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The authors wish to thank the following collaborators from the DINAMO study group: Nadine Ajzenberg, Department of Immunology and Hematology, AP‐HP, Bichat‐Claude Bernard Hospital, Paris, France; Marie‐Charlotte Bourrienne, Department of Immunology and Hematology, AP‐HP, Bichat‐Claude Bernard Hospital, Paris, France; Claire Dupuis, Department of Intensive Care Medicine, AP‐HP, Bichat‐Claude Bernard Hospital, Paris, France; Dorothée Faille, Department of Immunology and Hematology, AP‐HP, Bichat‐Claude Bernard Hospital, Paris, France; Camille Legouy, Department of Intensive Care Medicine, AP‐HP, Bichat‐Claude Bernard Hospital, Paris, France; Mikael Mazighi, Department of Neurology, AP‐HP, Lariboisière hospital, Paris, France; Patrick Nataf, Department of cardiac surgery, AP‐HP, Bichat‐Claude Bernard Hospital, France; Katell Peoc’h, Department of Biochemistry, Beaujon University Hospital, AP‐HP, Bichat‐Claude Bernard Hospital, Clichy, France and Sebastien Tanaka, Department of anesthesiology, AP-HP, Bichat-Claude Bernard Hospital, F-75018 Paris, France.

Nadine Ajzenberg, Marie‐Charlotte Bourrienne, Claire Dupuis, Dorothée Faille, Camille Legouy, Mikael Mazighi, Patrick Nataf, Katell Peoc’h, Sebastien Tanaka


This study was supported by grant from the French Society of Intensive Care Medicine (Société de Réanimation de Langue Française, SRLF).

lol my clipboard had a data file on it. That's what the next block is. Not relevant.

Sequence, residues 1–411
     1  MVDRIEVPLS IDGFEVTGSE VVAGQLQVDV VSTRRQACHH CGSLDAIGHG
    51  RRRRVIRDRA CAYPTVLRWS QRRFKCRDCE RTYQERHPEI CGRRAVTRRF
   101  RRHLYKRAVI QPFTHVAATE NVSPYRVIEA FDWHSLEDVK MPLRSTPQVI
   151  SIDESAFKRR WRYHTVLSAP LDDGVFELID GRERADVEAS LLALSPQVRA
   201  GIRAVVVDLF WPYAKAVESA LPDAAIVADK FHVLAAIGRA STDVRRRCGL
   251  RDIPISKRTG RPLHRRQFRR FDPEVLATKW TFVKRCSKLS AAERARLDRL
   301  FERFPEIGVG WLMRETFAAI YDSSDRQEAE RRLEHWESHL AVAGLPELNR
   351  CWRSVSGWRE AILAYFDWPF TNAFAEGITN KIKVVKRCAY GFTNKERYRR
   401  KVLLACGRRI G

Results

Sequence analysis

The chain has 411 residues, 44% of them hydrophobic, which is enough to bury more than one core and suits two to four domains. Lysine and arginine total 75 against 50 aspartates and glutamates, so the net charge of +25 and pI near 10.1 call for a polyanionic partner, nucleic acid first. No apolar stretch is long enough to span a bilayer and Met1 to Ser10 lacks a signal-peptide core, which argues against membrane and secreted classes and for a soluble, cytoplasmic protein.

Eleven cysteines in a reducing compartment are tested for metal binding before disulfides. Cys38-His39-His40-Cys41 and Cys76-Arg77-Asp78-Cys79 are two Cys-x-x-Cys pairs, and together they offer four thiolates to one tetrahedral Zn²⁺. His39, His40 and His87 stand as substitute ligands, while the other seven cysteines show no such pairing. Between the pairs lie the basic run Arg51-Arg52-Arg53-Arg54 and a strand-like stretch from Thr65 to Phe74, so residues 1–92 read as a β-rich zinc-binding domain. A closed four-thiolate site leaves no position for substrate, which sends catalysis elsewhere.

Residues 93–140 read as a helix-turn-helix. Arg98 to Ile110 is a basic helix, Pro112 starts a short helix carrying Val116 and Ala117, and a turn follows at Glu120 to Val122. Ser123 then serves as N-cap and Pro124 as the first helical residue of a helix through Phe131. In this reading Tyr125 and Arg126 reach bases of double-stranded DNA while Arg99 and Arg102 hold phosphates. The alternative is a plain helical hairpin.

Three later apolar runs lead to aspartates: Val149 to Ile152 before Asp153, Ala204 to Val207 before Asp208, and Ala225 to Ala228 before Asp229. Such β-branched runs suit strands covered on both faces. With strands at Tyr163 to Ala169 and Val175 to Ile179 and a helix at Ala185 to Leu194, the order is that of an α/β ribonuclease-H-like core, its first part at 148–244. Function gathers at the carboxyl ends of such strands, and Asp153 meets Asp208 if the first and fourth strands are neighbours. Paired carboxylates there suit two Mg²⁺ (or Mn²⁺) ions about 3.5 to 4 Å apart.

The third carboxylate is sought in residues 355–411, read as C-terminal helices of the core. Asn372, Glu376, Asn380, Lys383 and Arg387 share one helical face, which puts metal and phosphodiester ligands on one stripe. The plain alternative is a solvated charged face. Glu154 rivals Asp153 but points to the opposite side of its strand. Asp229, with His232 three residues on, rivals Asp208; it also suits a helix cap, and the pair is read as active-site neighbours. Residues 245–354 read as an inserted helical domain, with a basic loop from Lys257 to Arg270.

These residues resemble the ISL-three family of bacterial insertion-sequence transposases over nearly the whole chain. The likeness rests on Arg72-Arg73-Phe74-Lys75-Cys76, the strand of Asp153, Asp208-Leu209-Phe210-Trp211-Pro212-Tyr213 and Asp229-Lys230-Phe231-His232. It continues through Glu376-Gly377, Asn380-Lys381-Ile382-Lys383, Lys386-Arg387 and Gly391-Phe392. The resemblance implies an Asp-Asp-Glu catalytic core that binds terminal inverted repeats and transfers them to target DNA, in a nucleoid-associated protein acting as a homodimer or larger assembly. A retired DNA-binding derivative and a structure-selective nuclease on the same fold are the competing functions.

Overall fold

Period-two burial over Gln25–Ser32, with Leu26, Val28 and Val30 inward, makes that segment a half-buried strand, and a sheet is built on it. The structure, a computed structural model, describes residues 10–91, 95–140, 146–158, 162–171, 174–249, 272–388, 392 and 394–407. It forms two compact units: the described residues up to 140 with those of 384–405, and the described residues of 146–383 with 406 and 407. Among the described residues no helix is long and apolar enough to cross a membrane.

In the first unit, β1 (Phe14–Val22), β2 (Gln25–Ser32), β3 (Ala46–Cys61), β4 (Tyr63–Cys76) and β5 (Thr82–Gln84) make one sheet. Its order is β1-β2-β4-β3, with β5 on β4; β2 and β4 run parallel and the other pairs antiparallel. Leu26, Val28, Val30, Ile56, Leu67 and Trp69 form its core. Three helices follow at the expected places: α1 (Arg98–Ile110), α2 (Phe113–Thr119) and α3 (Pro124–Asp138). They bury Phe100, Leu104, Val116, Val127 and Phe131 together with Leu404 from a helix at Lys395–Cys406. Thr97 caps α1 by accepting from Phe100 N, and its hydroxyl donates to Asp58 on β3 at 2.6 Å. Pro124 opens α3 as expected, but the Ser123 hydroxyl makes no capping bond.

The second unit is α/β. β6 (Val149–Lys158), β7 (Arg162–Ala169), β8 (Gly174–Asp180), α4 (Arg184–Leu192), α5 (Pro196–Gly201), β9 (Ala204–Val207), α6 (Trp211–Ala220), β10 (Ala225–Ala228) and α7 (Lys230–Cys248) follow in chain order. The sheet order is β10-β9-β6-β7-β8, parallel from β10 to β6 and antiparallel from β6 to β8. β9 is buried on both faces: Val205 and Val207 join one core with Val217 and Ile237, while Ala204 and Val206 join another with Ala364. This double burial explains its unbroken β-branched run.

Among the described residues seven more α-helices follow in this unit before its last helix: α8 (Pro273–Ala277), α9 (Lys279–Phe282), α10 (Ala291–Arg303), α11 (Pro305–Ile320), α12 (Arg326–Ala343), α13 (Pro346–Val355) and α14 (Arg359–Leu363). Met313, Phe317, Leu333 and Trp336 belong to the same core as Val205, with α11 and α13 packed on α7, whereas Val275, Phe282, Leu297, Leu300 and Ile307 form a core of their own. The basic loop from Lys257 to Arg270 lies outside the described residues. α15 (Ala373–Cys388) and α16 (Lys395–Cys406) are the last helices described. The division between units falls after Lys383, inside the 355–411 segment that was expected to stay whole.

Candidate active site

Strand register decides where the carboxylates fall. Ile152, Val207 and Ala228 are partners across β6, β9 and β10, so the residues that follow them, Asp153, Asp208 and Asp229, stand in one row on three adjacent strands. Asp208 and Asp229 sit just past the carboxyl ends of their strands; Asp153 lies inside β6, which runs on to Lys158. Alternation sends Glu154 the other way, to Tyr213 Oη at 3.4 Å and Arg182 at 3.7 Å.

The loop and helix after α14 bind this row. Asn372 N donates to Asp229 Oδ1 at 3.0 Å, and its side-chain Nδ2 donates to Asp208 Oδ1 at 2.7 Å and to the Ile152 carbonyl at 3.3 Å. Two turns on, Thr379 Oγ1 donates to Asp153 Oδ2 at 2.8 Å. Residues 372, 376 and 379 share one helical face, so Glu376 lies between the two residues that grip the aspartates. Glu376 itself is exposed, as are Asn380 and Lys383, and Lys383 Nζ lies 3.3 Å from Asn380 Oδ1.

Author information





CT, JC and RS designed the work. GV, JR, MP, PJ and RS collected the data. RS carried out the statistical analysis. CT, JC, GV, JR, RW and RS analyzed and interpreted the patient data. CT, JC, ART, NK and RS wrote the manuscript. LB, EdM, MPO and JFT revised the manuscript. All authors read and approved the final manuscript.

Corresponding author

Correspondence to Romain Sonneville.

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Ethics approval and consent to participate

The study was approved by the local ethics committee.

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Information was provided to next-of-kin for all participants, followed, whenever possible, by information to the patient.

Competing interests

RS received grants from the French Ministry of Health, the French society of intensive care medicine (SRLF) and the European society of intensive care medicine (ESICM), and lecture fees from Baxter. The other authors declare have no competing interests to disclose.

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Supplementary Information

Additional file 1.

Synek classification.

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Touchard, C., Cartailler, J., Vellieux, G. et al. Simplified frontal EEG in adults under veno-arterial extracorporeal membrane oxygenation. Ann. Intensive Care 11, 76 (2021).

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  • Frontal EEG
  • Critical care EEG
  • Extracorporeal membrane oxygenation
  • Outcome